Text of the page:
Broasted chicken statue

This broasted chicken statue once served as an attraction at Sheldon's former A&W Drive-in. After the eatery closed, it wound in LeMars at Lally's Eastside.

Like most conversations in the newsroom, a random topic led to someone — this time it was me — asking an even more random question: What happened to the giant chicken statue in Sheldon?

I never personally saw this chicken in Sheldon, but I’ve heard about this plus-sized poultry multiple times over the years, even when I lived in Sioux City.

When I first moved to Sheldon in November 2014, the location of the former A&W Drive-In that housed the chicken was El Guacamole Mexican Restaurant — and now Los Panchos — so that’s why I never saw it in the flesh or should I say “feather?”

Because of its lasting legacy, I thought people would be interested in learning its whereabouts. So I did what any good investigative journalist would do in my shoes: Asked for help on Facebook.

I posted my request for information on The Sheldon Mail-Sun Facebook page as well as the Twitter and Facebook accounts for its sister publication, The N’West Iowa REVIEW.

Considering the popularity of this chicken, I was not surprised with how many people responded.

In fact, I got more responses for my inquiry about this chicken than I did when I asked people what questions they had for U.S. Sen. Chuck Grassley on The Mail-Sun Facebook page just before I spoke with him on a media call.

Within 10 minutes of the post going up, someone suggested the chicken was outside of Lally’s Eastside in LeMars, a family-owned restaurant in the Plymouth County seat community.

Even congressional candidate J.D. Scholten weighed in via Twitter. He later told me he remembered seeing the chicken passing through Sheldon on road trips growing up.

Two tipsters from Perspective Insurance put their heads together and said former A&W owner Rod Merley of Sheldon had it in his yard.

Since he was closer, I gave Rod a call first. After I told him what I wanted, man, did he have some stories for me about that chicken and his time running the drive-in.

The chicken was there when he bought the restaurant in either 1967 or 1968 and county property records date the A&W to 1964.

After he took possession of the A&W, Rod said he went to the drive-in and saw a key piece of his new purchase was missing.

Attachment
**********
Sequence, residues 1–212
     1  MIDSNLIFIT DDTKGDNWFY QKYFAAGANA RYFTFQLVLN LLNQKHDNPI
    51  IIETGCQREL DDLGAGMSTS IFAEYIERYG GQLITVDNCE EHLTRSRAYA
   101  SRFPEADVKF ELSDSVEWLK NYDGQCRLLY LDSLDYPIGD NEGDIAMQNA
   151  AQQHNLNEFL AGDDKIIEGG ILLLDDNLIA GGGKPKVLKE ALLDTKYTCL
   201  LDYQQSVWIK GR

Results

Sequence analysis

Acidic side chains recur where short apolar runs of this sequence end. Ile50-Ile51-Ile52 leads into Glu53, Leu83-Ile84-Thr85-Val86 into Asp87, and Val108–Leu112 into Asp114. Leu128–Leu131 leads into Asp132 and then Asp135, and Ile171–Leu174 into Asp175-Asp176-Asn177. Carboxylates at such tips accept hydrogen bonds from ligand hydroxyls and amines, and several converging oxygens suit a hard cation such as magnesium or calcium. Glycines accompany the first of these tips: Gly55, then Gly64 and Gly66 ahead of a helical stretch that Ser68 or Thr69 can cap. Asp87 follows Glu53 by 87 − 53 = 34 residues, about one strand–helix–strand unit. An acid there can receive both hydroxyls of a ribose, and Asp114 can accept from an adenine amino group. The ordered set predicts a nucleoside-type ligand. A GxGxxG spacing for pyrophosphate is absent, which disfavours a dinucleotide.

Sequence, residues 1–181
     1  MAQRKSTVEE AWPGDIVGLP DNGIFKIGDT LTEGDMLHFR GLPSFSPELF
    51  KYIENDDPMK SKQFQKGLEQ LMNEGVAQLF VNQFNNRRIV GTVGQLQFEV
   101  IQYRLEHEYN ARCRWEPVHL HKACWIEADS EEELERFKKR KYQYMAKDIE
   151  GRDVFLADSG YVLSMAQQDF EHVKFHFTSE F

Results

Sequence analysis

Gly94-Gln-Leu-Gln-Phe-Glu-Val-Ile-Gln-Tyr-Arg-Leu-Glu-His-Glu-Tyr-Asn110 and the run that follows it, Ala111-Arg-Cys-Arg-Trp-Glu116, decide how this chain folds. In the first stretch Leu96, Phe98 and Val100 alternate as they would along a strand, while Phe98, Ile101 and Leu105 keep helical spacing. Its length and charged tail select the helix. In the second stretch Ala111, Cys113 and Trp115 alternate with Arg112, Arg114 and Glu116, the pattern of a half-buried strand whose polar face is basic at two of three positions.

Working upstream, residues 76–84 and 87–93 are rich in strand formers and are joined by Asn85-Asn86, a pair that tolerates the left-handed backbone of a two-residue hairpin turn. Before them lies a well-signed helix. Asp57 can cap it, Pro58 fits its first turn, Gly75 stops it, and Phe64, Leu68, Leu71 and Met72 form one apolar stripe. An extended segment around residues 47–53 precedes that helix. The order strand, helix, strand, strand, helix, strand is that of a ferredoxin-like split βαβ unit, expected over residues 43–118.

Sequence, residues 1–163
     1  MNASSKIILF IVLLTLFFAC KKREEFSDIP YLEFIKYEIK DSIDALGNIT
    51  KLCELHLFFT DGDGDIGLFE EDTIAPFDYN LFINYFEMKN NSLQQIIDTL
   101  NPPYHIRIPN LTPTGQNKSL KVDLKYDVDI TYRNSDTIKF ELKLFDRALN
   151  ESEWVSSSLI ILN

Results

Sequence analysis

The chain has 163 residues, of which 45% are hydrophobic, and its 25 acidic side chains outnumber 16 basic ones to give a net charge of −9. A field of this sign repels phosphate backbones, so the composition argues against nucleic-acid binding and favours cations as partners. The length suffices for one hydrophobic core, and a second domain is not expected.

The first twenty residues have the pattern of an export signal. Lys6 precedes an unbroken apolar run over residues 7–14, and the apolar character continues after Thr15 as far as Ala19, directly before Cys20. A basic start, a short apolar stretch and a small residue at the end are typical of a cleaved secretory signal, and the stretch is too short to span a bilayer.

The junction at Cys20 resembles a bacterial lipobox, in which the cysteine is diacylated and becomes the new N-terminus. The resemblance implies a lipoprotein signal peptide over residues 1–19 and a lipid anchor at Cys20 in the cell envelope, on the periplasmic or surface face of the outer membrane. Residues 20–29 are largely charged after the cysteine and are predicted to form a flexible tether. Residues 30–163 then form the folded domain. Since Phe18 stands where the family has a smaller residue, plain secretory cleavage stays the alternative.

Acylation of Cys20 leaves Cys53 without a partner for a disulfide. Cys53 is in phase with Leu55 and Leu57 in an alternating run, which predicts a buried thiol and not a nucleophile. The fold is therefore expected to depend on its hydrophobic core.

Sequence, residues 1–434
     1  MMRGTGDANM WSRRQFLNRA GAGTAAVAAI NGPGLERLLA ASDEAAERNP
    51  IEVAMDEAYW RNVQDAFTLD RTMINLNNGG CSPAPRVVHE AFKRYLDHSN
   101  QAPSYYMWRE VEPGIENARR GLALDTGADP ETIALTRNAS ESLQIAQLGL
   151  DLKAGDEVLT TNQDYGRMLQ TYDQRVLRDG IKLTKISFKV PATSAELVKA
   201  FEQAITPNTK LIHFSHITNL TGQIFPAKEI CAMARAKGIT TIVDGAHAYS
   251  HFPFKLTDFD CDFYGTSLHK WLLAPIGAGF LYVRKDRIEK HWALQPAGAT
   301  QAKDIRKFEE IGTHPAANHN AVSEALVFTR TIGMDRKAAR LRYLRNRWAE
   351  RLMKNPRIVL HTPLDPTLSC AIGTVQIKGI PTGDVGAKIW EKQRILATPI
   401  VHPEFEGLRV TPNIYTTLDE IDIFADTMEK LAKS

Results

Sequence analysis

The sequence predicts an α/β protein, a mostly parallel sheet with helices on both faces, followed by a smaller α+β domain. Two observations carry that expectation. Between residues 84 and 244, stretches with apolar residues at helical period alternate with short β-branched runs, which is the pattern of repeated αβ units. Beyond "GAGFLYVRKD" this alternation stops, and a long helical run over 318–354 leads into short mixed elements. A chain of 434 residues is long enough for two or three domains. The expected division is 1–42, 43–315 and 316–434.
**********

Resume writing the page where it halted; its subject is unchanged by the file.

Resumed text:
“Somebody stole my chicken,” Rod said.

What a “fowl” move.

Rod contacted Dick Schneider, the longtime president of the former Security State Bank — now Northwestern Bank in Sheldon — who vowed to retrieve it.

“They were very good about it,” Rod said. “And the chicken came back.”

Turned out the previous owner took it with him; however, the chicken was included in the sale so the bank was able to recover it.

That incident was not the last time the chicken would go missing under Rod’s ownership. A storm sent the bird flying two blocks down Highway 18, an incident that gives it a distinguished feature.

“The way you’ll know that chicken — it’ll never be disguised — a storm came through and it blew the toes that held it down off,” Rod said. “I got a big truck tire, sat it in there, and I poured it full of cement.”

Rod sold the restaurant in 1977, but the chicken had more adventures throughout the years.

Legend has it members of Sheldon High School’s 1981 graduating class placed it on top of the school for a prank. The big bird remained a staple of Sheldon until 2009, when the drive-in closed.

Everything was sold off during this time, including the chicken and the Teen Burger statue, which Rod purchased and displayed in his yard for years.

He said he didn’t know the chicken was up for sale; otherwise, he also would have purchased it.

Rod eventually sold the Teen Burger to an A&W owner in Emmetsburg, where it remains.

“I thought it should go back to an A&W,” Rod said.

Rod also confirmed my initial tipster’s inclination that the chicken was now in LeMars, so I called the good folks at Lally’s.

After giggling at my reason for calling, a Lally’s employee fetched Stacey Mullally for me. Stacey is the daughter of Lally’s owners Tom and Patty Mullally.

She confirmed that Sheldon’s most famous chicken was now a resident of the “Ice Cream Capital of the World.”

Stacey’s brother, Nick, purchased the chicken statue during an A&W closing sale that took place after the eatery was shuttered.

“He said he went there to buy a fryer and he left with this in the back of his truck,” Stacey said.

Because of its size, Stacey said people from a nearby implement dealership had to use their equipment to help Nick load it into his pickup bed.

Nick told Stacey he guessed there were about 300 people taking photos of him driving away with a giant chicken in the back of his truck and more onlookers gawked at him back in LeMars.

Lally’s has been around since 1961 and the restaurant specializes in broasted chicken, so having a mascot with the words “BROASTED CHICKEN” literally painted on the side of it makes a lot of sense.

Stacey said the chicken statue has held court on the side of the business since its arrival and makes a great landmark when giving directions on how to find the place.

“We say, ‘Oh, we’re the place with the chicken out front,’” Stacey said.

The Mullally family has fully embraced the bird. Tom changes out the light bulbs in the chicken’s eyes to match the holidays, one of Stacey’s aunts knitted it a scarf for fall/winter and visitors love taking pictures with it.

“We’re actually thinking about moving it to the front of the building, so it’ll stand out more,” Stacey said.

Even without being directly in front of the building, the chicken stands out in LeMars.

“A lot of businesses here in town have ice cream cones and we have the chicken,” Stacey said.